Pakistan: Who is Imran Khan?
From international cricket star to Pakistan’s prime minister. A look at the life and political rise of Imran Khan.
The outspoken cricketer-turned-politician, Imran Khan, has been sworn into office as Pakistan’s next prime minister following his election by the country’s parliament.
Members of the National Assembly on Friday voted in the capital, Islamabad, for Khan to be the leader of the house, after his party Pakistan Tehreek-e-Insaaf (PTI) swept last month’s general election.
The PTI chairman officially took oath as the country’s 22nd prime minister on Saturday.
In the lead-up to the July 25 vote, he appealed to the masses, especially the younger generation, with his slogan of creating a “new Pakistan” and rooting out corruption.
“We will run Pakistan like it’s never been run before,” Khan said when he declared victory in the elections.
“I started this struggle 22 years ago and thankfully today I have been given a chance to fulfil what I dreamt for the country. We are going to uplift Pakistan’s poor and help our country’s labourers.
“Corruption has been eating Pakistan like a kind of cancer. We will set an example that the law will be the same for everybody.”
Michael Kugelman, a US-based analyst at the Woodrow Wilson Centre in Washington, DC, said Khan’s rise to power is in line with global trends, where “maverick, unconventional, and shoot-from-the-hip national leaders” are enjoying a renaissance.
“For Khan’s legion of devoted followers, he represents the new, bold, incorruptible leader that the country has long sought,” Kugelman told Al Jazeera in an emailed interview.
“In reality, there would be some considerable concerns about a Prime Minister Khan, ranging from his complete lack of experience in holding national power to his proud and stubborn personality, which could worry a Pakistani military that prefers that civilian leaders be pliable.”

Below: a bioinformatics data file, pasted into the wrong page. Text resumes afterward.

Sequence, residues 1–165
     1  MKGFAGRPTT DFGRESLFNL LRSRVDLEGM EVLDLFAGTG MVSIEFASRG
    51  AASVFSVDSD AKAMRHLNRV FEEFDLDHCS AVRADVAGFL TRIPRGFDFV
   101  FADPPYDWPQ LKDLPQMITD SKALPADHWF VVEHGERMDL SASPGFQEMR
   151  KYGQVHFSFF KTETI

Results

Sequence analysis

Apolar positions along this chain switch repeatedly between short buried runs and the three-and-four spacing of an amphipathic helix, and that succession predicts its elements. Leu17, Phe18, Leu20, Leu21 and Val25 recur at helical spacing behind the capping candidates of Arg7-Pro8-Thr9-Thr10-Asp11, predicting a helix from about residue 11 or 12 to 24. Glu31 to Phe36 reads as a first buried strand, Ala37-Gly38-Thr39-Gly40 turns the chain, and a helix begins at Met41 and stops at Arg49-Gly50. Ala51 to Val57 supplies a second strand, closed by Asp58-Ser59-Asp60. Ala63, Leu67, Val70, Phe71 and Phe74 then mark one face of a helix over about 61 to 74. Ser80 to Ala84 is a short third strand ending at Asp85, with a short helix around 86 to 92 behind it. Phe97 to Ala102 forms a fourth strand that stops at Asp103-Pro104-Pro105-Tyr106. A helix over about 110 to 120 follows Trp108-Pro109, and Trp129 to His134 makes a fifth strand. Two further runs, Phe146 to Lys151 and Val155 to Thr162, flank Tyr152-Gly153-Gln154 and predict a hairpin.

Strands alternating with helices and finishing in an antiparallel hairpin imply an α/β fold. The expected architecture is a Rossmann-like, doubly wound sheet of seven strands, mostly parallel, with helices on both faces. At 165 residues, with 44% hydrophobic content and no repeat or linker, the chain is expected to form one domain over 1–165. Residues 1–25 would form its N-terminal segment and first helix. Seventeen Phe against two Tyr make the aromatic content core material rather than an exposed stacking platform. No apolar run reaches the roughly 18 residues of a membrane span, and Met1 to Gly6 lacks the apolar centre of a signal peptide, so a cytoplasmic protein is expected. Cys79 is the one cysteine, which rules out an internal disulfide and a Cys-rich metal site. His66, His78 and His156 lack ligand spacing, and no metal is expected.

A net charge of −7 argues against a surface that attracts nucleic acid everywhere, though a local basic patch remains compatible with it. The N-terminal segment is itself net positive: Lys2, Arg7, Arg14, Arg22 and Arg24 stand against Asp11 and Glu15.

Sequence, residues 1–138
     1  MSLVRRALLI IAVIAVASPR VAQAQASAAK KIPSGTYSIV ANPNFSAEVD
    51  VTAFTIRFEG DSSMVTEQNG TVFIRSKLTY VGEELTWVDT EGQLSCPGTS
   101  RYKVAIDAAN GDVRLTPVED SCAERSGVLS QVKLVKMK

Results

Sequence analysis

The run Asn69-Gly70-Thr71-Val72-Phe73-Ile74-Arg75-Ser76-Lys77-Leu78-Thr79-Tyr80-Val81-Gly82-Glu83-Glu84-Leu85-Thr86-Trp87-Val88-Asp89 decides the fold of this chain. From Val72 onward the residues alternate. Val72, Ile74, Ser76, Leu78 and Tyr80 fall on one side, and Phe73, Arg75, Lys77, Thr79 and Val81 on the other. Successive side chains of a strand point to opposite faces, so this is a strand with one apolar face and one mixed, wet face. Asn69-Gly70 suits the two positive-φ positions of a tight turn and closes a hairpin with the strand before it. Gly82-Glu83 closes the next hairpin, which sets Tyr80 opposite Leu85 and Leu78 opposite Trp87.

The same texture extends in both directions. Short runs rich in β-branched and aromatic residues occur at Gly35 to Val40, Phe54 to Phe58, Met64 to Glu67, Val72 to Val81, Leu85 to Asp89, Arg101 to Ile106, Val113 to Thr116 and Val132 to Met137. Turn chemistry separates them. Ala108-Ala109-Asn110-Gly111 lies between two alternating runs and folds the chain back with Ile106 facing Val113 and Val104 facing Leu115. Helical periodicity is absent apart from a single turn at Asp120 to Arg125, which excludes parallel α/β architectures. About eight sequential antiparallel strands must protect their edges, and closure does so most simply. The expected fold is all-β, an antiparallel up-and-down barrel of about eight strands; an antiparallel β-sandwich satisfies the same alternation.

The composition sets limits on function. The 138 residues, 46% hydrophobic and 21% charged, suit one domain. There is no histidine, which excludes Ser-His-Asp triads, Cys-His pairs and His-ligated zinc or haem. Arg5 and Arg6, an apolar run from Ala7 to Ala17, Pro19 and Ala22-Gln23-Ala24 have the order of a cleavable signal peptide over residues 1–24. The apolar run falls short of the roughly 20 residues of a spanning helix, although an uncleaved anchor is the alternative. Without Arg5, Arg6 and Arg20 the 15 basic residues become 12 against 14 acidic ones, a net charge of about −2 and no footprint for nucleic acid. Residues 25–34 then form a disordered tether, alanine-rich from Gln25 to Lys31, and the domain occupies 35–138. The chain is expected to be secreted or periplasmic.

Al Jazeera takes a look at Khan’s early life, political career and policies.
Khan, 65, was born and raised in an affluent ethnic Pashtun family in Pakistan’s eastern city of Lahore, Punjab.
He was schooled at Lahore’s elite all-boys Aitchison College before graduating from Oxford University in 1975 with a Bachelor’s degree in philosophy, politics and economics.
At the age of 18, Khan made his international debut for Pakistan’s national cricket team and soon gained a reputation as a playboy with his well-publicised social life, residing in the British capital, London.
As the captain, the legendary all-rounder famously led the country to its first and only victory at the 1992 World Cup.
Immediately afterwards, he retired from cricket and devoted most of his time to philanthropy and social work.
He launched Pakistan’s first specialised cancer centre, Shaukat Khanum, named after his late mother who succumbed to the disease.
In 2008, Khan also established a private technical college in Punjab’s rural Mianwali district, called Namal College.
He was married to Jemima Goldsmith, the daughter of the late British billionare James Goldsmith, for nine years before the couple parted ways.
Increasingly disillusioned by the county’s bureaucracy and endemic corruption, Khan entered the political realm in 1996, founding his centrist PTI party with a promise of ensuring “insaf” (justice) for all.